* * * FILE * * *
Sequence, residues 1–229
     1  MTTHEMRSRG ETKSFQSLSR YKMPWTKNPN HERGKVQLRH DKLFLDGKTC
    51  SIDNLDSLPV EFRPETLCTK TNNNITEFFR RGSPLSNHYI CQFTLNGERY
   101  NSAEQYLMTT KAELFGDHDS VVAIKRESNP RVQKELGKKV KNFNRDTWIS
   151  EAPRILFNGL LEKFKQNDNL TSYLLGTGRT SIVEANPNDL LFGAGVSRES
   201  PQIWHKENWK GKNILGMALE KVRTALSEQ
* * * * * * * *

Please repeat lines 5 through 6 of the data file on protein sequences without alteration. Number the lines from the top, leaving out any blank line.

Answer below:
   151  EAPRILFNGL LEKFKQNDNL TSYLLGTGRT SIVEANPNDL LFGAGVSRES
   201  PQIWHKENWK GKNILGMALE KVRTALSEQ